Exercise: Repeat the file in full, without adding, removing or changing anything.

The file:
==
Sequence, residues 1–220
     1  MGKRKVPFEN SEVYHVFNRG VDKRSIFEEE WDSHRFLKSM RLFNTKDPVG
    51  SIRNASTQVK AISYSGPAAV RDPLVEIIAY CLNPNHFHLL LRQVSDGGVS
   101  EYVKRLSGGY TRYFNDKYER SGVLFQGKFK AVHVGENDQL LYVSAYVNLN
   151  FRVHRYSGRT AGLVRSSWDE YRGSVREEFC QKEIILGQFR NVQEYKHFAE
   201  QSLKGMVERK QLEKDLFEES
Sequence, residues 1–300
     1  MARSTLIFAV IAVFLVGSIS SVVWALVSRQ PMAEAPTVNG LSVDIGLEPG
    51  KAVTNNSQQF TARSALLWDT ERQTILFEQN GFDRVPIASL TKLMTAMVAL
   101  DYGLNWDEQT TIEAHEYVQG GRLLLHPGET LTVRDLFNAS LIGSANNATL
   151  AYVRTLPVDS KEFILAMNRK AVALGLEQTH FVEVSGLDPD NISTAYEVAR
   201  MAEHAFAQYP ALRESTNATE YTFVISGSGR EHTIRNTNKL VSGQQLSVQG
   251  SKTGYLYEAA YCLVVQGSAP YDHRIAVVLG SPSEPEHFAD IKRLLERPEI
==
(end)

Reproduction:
Sequence, residues 1–220
     1  MGKRKVPFEN SEVYHVFNRG VDKRSIFEEE WDSHRFLKSM RLFNTKDPVG
    51  SIRNASTQVK AISYSGPAAV RDPLVEIIAY CLNPNHFHLL LRQVSDGGVS
   101  EYVKRLSGGY TRYFNDKYER SGVLFQGKFK AVHVGENDQL LYVSAYVNLN
   151  FRVHRYSGRT AGLVRSSWDE YRGSVREEFC QKEIILGQFR NVQEYKHFAE
   201  QSLKGMVERK QLEKDLFEES
Sequence, residues 1–300
     1  MARSTLIFAV IAVFLVGSIS SVVWALVSRQ PMAEAPTVNG LSVDIGLEPG
    51  KAVTNNSQQF TARSALLWDT ERQTILFEQN GFDRVPIASL TKLMTAMVAL
   101  DYGLNWDEQT TIEAHEYVQG GRLLLHPGET LTVRDLFNAS LIGSANNATL
   151  AYVRTLPVDS KEFILAMNRK AVALGLEQTH FVEVSGLDPD NISTAYEVAR
   201  MAEHAFAQYP ALRESTNATE YTFVISGSGR EHTIRNTNKL VSGQQLSVQG
   251  SKTGYLYEAA YCLVVQGSAP YDHRIAVVLG SPSEPEHFAD IKRLLERPEI